"It's similar to voting," he says. "If people act sustainably at a higher rate, then they can control more of the conversation about issues at hand. You can only do what is within your means, but if someone else sees you doing it, they might, too." 

Those kinds of modifications fall into the theory of social psychology, or the idea that individual behavior is determined by one's external environment. 

Lori Rosenthal is a psychology professor and Dean of Lasell University's School of Humanities, Education, Justice & Social Sciences. Social psychology, she says, shows that the placement of items and ideas directly impacts behavior. For example, people are more likely to recycle if a bin is within sight or if their town provides home receptacles. 

"I can talk until I am blue in the face," she says, "but the truth is that you still might go to the store and leave your reusable bags in the car. Then you take the plastic bag at checkout because it is more convenient to not go back out. A store could help nudge that behavior with a sign in the parking lot: 'Did you remember your bags?'" 

That, she says, gets people to think twice and eventually convert that question into a habit. Another way to get people to rethink their choices? Money.

"We are very miserly with our thinking ability. We don't want to make decisions that take energy and time," says Rosenthal. "When it effects our pocketbook, we suddenly think about it a lot more."

Earth Day: 50 YearsThat's part of the theory of behaviorism, or the idea that people do everything as a way to maximize rewards and minimize negative repercussions. If you charge people for something they need, adds Wheeler, it will change their behavior. The same goes for rewarding environmentally positive actions.

Examples include charging for plastic bags at grocery checkout but crediting customers for every bag they bring from home. Rewards - such as Starbucks' 10 cent discount for bringing a reusable cup - do add up for both your wallet and the planet. 

"You can buy one or two reusable cups for $20, and save nearly $40 in a year if you drink a cup a day," she says. 


Process, Profit, and Planet

In general, says Toffler, the public is more educated about environmental problems than in the past. It is the prioritization of planet and profit - not one over the other - that tests corporate and municipal resolve in the face of climate concerns.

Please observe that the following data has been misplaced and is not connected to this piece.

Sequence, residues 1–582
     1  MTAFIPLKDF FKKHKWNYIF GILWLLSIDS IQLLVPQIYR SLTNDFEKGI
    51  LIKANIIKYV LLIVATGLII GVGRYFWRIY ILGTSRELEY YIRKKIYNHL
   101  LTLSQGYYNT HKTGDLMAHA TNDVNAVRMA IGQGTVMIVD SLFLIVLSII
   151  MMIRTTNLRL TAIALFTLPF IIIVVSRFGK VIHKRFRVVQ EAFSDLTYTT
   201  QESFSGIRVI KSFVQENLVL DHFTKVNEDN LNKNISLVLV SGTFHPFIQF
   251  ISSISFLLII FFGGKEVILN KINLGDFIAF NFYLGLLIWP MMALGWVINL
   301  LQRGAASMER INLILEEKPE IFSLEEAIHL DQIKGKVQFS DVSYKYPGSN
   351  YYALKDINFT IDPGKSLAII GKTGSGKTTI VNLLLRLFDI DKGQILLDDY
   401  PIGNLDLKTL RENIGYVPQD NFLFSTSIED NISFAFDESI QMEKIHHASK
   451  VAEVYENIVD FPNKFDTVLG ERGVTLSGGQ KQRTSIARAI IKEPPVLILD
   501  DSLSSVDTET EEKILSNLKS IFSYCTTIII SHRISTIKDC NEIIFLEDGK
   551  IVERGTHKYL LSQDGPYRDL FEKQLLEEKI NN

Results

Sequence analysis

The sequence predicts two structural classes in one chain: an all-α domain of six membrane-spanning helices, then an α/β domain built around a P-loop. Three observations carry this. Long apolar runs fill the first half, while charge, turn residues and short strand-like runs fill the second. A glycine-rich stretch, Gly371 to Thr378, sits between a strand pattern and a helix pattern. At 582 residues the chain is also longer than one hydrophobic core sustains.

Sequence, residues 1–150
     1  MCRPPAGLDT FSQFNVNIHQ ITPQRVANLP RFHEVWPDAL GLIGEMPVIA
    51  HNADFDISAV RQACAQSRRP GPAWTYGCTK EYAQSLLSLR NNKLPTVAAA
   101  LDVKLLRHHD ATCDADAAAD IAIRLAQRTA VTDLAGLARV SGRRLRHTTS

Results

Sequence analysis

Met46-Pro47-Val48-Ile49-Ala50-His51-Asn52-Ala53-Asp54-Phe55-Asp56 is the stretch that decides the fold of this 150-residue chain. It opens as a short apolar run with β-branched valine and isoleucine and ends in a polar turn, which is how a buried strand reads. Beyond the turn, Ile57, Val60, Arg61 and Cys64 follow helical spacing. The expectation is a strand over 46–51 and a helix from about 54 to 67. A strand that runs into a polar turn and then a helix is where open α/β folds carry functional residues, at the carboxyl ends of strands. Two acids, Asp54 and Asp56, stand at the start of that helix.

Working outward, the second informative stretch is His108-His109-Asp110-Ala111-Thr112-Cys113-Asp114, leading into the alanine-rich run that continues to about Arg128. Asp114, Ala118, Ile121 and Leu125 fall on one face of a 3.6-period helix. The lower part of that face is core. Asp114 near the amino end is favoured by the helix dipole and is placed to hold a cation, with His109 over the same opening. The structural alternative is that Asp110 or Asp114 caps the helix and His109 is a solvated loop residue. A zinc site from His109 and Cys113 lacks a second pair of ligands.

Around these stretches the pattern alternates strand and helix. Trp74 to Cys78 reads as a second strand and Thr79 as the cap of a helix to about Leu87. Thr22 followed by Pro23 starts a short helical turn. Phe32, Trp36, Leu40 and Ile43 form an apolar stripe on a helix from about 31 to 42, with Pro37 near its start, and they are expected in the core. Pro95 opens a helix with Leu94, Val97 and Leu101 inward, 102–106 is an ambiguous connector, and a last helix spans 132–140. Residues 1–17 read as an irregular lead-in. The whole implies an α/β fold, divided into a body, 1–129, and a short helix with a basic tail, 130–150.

"It will be expensive [for those entities], but we have proven ourselves to address big challenges in the past," he says. 

One regulatory solution is to put a financial burden on those who don't act sustainably. For example, Rosenthal's hometown charges residents for trash removal based on the size of their bin. 

"The impetus is that if I pay less, I get a smaller trash bin which means I need to recycle or compost more. And the real goal is that I might reduce the overall amount of waste I produce or otherwise pay more to create more," she says. 

Composting, says Karen Urdaneta '20, is ideal because it is part of a zero-waste loop. The Lasell sociology major interns for CERO, a Boston-based composting cooperative. "The accumulated waste gets brought back to local farms and is put directly into the soil that produces more food," she says. 

A bonus: The cost can be neutral.

"Organics make trash very heavy. You have to pay to take that away or get fined. It can actually be cheaper for businesses to pay for composting," she says. 

RECYCLABLE PRODUCTS DO NOT NECESSARILY  GET RECYCLED, EVEN  IF PUT IN THE PROPER RECEPTACLE. MANY WIND UP BURNED IN LANDFILLS. DON’T FORGET TO REUSE AND REDUCE FOR IMPACT THAT YOU CAN SEE.The zero-waste loop, also known as circularity, is something that Meagan Neville '07 hopes to see more of in the fashion industry. Neville owned Danbury, Connecticut, boutique Workspace Collective, and is currently studying sustainable design at the Fashion Institute of Technology. Her view is that circularity will drive the future of eco-friendly fashion. 

"You have to think about designing the process, not just the garment." For example, Neville cites sneaker brand Puma's method of grinding up rubber from used or leftover products to create playground surfaces instead of sending it to landfill.